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Geo++(R) GNCASTER: Insecure handling of long URLs

During a penetration test, RedTeam Pentesting discovered that the GNCASTER software does not handle long URLs correctly. An attacker can use this to crash the server software or potentially execute code on the server.


Product: Geo++(R) GNCASTER
Affected Versions: <=
Fixed Versions:
Vulnerability Type: Memory corruption
Security Risk: high
Vendor URL:
Vendor Status: notified
Advisory URL:
Advisory Status: published
CVE: CVE-2010-0552


"Geo++(R) GNCASTER is the Geo++ implementation of a NTRIP caster. NTRIP is a protocol within RTCM to provide GNSS information via Internet." 

(from the vendor's homepage)

More Details

The GNCaster software allows communication with clients through a subset of the HTTP protocol. If an attacker sends an HTTP GET request for a nonexistent URL path and the request is less than 988 bytes long, the server reacts with an HTTP 404 error and the message

File "/AAAAAA[...]AAAA" not found on this server.

If the URL path length is 988 bytes or more, the HTTP 404 error is still returned but the server thread stops before returning the message above. 

If attackers send a sequence of such requests in quick succession, the server can be reproducibly crashed. RedTeam Pentesting believes it is also possible to exploit this vulnerability to execute code on the server.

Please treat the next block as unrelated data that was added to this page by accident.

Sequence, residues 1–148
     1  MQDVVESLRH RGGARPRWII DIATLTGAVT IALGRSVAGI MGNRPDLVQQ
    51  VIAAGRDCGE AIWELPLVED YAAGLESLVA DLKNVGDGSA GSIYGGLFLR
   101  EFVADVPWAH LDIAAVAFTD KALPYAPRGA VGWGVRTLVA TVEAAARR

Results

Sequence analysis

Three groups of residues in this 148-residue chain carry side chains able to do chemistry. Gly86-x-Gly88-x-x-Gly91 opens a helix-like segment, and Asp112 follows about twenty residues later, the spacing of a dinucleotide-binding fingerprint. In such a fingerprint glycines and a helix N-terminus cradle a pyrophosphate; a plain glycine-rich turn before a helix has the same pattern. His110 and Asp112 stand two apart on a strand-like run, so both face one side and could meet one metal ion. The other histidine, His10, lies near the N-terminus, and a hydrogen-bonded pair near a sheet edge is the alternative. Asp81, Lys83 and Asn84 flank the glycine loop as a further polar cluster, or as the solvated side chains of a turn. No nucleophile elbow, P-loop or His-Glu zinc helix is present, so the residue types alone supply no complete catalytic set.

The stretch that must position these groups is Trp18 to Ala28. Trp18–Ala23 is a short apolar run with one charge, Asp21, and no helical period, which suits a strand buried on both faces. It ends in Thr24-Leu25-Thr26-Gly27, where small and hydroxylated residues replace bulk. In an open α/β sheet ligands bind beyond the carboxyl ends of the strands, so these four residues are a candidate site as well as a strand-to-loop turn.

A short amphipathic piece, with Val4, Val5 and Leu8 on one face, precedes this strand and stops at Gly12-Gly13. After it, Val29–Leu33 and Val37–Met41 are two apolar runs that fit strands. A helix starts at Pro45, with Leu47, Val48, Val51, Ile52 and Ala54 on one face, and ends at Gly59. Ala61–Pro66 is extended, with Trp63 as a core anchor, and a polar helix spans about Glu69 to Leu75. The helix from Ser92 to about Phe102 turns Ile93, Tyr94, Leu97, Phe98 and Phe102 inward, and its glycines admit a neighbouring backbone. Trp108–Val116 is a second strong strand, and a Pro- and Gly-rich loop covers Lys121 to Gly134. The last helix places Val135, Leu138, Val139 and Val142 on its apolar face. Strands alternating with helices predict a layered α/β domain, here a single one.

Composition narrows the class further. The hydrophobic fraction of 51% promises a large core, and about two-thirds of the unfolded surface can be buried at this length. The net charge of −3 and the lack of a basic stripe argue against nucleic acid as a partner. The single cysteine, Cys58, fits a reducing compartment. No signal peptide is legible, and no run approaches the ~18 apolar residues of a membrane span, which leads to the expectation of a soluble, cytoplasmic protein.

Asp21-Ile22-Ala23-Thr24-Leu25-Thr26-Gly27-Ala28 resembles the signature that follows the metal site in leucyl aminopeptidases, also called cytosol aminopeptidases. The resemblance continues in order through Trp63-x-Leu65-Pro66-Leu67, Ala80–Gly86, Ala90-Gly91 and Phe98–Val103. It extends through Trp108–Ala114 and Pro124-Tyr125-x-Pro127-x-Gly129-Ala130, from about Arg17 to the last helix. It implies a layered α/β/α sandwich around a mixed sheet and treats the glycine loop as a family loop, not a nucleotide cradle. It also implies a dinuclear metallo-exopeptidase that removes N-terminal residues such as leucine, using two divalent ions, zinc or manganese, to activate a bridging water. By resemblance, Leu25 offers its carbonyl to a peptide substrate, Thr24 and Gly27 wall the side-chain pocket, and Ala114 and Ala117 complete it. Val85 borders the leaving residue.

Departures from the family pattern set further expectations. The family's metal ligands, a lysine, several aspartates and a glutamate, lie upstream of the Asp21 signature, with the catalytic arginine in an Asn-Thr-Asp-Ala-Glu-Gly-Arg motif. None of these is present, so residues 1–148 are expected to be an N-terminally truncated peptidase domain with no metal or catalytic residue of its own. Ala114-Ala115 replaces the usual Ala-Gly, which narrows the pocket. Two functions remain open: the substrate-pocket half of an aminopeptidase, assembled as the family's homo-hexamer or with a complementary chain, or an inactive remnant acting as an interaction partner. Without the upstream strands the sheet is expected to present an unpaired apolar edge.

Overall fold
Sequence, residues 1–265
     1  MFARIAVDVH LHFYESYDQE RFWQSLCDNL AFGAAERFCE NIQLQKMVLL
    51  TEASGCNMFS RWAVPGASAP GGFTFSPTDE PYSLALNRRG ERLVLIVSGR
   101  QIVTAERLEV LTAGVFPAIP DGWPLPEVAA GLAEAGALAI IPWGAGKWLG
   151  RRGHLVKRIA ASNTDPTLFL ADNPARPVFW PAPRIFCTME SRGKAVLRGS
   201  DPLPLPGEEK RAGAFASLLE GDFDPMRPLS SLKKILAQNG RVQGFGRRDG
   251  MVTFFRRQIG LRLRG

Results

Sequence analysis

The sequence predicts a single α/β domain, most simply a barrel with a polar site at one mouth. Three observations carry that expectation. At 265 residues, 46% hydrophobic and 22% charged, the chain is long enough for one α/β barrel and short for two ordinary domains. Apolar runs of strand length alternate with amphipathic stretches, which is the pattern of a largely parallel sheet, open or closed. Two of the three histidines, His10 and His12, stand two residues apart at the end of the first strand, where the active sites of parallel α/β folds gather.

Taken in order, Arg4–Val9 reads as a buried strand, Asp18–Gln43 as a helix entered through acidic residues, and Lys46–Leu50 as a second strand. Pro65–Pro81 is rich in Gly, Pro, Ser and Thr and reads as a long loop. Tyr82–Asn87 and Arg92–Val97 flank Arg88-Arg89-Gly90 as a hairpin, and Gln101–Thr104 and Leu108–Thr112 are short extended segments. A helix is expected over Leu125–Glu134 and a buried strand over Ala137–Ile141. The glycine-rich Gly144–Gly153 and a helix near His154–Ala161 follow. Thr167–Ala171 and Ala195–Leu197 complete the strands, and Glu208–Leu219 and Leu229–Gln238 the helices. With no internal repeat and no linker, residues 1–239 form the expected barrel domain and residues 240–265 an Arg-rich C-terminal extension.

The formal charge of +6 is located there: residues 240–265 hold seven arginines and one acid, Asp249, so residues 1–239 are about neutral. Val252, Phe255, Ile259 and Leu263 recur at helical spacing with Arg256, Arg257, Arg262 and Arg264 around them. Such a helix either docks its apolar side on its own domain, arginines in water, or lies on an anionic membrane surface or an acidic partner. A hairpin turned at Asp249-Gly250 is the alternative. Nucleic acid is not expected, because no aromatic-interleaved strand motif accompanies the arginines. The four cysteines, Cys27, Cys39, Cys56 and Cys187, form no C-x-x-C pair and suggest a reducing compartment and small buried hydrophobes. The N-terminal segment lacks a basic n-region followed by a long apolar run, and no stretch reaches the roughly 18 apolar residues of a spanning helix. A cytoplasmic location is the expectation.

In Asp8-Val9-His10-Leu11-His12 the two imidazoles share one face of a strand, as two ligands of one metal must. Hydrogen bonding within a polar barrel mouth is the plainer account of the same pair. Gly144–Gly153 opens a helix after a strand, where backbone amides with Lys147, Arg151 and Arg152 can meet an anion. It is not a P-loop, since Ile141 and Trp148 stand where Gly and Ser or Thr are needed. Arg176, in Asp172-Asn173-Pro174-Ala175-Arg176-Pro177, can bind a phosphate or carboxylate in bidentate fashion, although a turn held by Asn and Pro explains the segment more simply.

Proof of Concept

The following command can be used to crash the server if it is called multiple times:

$ curl -i "`perl -e 'printf "A"x988'`"


A vulnerable server could be protected from this vulnerability by an application layer firewall that filters overly long HTTP GET requests. 


Update GNCASTER to version

Security Risk

This vulnerability can be used for very efficient DoS attacks. This is especially serious as GNCaster is a real time application that is typically used by multiple mobile clients that rely on a functioning server. The vulnerability could potentially also be leveraged to remote code execution on the server. The risk is therefore regarded as high. 


2009-07-06 Vulnerability identified during a penetration test
2009-07-14 Meeting with customer
2009-12-01 Vendor releases fixed version
2010-01-27 Advisory released
2011-09-07 CVE information added

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